South Africa whipped itself into a FIFA World Cup™ frenzy today as the national side paraded through Johannesburg and holders Italy flew in to defend their crown, two days before the kick-off.

Tens of thousands lined the streets of the Sandton business district to hail Bafana Bafana, draping themselves in flags and honking vuvuzela trumpets as the team waved at them from an open-top bus. There were similar scenes throughout Johannesburg, as office workers left their buildings and lined the streets to blow vuvuzelas and wave South African flags, as passing cars tooted their horns.

Some wore clown wigs in national colours, and others had makarapas - hard hats carved and painted into the shape of footballers and flags. Schoolchildren were dismissed at midday for a special month-long FIFA World Cup holiday, bringing many youngsters on to the sidewalk with their parents for the festivities.

The noise from the plastic vuvuzela horns, set to become one of the main talking points of the tournament, drowned out all conversation, including attempts by television journalists to deliver two-way reports to their studio. Thousands also poured into the streets of Cape Town to answer a call on the radio to blow their vuvuzelas at lunchtime.

Never in my life did I think this would come to Africa, let alone South Africa.

Bafana Bafana fan Zanele Ntuli

"It was a national call to have a vuvuzela moment," said Zanele Ntuli among the crowds outside parliament "Never in my life did I think this would come to Africa, let alone South Africa."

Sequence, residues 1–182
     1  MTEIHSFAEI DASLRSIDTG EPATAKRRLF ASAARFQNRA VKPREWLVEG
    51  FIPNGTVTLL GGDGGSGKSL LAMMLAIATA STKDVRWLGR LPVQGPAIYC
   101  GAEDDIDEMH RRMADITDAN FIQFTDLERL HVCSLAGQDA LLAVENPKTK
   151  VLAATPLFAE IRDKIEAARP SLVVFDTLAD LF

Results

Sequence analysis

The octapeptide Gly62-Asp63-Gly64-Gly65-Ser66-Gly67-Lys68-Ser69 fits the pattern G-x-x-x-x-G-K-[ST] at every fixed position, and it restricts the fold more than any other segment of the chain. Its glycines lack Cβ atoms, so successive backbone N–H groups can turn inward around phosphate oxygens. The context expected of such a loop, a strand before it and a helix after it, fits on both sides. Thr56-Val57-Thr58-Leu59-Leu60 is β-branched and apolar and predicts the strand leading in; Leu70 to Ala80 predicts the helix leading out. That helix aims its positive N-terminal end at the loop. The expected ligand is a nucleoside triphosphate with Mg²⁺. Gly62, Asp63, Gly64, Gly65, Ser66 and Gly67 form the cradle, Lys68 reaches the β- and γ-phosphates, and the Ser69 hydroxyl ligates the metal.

The sense of anticipation has been heightened by an unexpected upturn in the form of Bafana Bafana, who go into Friday's opening match against Mexico on the back of a 12-match unbeaten run. South Africans were ecstatic 14 years ago after the team won the CAF Africa Cup of Nations on home soil but the national football association said Wednesday's turn-out beat all records. "This is the biggest show of public support for our team in the history of the professional game," said chief executive Leslie Sedibe.

A spokesman for the local organising committee said everything was in place but added that opening-day traffic jams remain a concern. "We urge the 90,000 spectators who will be coming here to exercise restraint when it comes to using their own cars, because there are buses and there are trains which will drop them right at the door," said Rich Mkhondo.

Nearly all of the teams are now in situ, with Italy one of the last to fly in on Wednesday. Dozens of police and a smattering of hardcore fans were at Johannesburg airport to greet Gli Azzuri, whose pre-tournament results have done little to encourage hope that they can retain their title.